An autumnal switch had definitely been flicked – and wearing shorts was probably a stupid option, but on mornings such as this you don’t really notice. Clear skies, roof down, cabin heater set to toast, sun rising approximately over Snetterton, Fleet Foxes and assorted slices of prog rock drifting through the speaker system… It would have been a splendid start to the day even without a Cadwell Park sausage bap at the journey’s end.
My car more or less knows its own way to Cadwell, but was deflected on this occasion by the roadworks-enforced closure of the B1192 – an opportunity to explore hitherto unknown roads that are in reality little more than farm tracks. The diversion ended in Tumby, another charming village name in a county rich with such quaintness.
The Wolds Trophy meeting is a popular HSCC staple, but science is powerless to explain why only nine historic touring cars materialised when there were 39 at Brands Hatch in July and 21 at Oulton Park in August. Answers on an entry form, please.
It was easier to understand that there were but three takers – Vauxhall Nova, Jaguar XJ-S and Audi Quattro – for the 1980s Production Car Challenge, which ran concurrently with the HTCC. This was the first event for a fresh initiative that has been launched during a period of economic uncertainty, but the concept has potential and must be allowed to evolve. The Classic Clubmans field was low on numbers, too – possibly not helped by a clashing Clubmans Register fixture at Brands Hatch, where HSCC regular Mark Charteris pitched up and won two of the three races. Once David Bain’s gorgeously presented Mallock U2 Mk11B had packed up after a sprinkling of practice laps, the Cadwell field was reduced to just six.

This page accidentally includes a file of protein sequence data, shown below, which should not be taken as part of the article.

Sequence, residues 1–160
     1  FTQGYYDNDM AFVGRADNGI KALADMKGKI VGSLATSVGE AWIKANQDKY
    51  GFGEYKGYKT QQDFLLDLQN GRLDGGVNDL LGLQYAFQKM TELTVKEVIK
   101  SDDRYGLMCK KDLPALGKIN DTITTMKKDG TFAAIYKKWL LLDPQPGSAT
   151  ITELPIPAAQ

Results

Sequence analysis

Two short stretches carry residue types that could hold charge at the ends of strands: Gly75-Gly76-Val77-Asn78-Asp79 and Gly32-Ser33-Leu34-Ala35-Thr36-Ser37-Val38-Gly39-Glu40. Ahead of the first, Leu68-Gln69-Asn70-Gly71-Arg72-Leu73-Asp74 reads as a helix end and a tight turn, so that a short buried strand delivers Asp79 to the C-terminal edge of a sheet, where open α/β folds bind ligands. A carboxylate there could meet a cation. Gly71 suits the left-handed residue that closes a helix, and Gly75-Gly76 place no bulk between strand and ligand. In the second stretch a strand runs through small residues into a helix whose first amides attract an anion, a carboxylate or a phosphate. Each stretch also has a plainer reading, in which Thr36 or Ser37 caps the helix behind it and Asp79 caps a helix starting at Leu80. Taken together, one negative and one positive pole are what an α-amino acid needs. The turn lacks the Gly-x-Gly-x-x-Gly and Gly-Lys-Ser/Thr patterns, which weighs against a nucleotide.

Compensation came in the form of packed entries for both road sports divisions, FF1600 (Historic and Classic) and FF2000, so big in the case of the latter that qualifying races were required. Callum Grant (Delta T78) took a brace of wins in the FF2000 feature races, which isn’t unknown; Pierre Livingston (Merlyn Mk20A) likewise took a clean sweep in HFF1600, which is starting to become a habit.
British Racing & Sports Car Club
Brands Hatch, September 26
The original Lotus 7 – progenitor of the modern-day Caterham of the same name – entered production in 1957. Formula Ford 1600 was launched 10 years later. Both are paragons of simplicity – yet, despite their collective conceptual antiquity, continue to generate some of the finest racing in the UK today.
Caterham 7s might lose a little of their elegance when smothered in protective scaffolding, but few things come close in terms of competitive proximity. Except, of course, for Formula Ford, for which there were three races over the course of the weekend. The average winning margin? Just 0.148sec…
Over in Russia, the international sporting community was all a fluster about penalties imposed upon Lewis Hamilton for executing practice starts in the wrong part of the F1 pit lane.
It’s much more edifying, surely, when the ancient art of racing remains the centre of attention?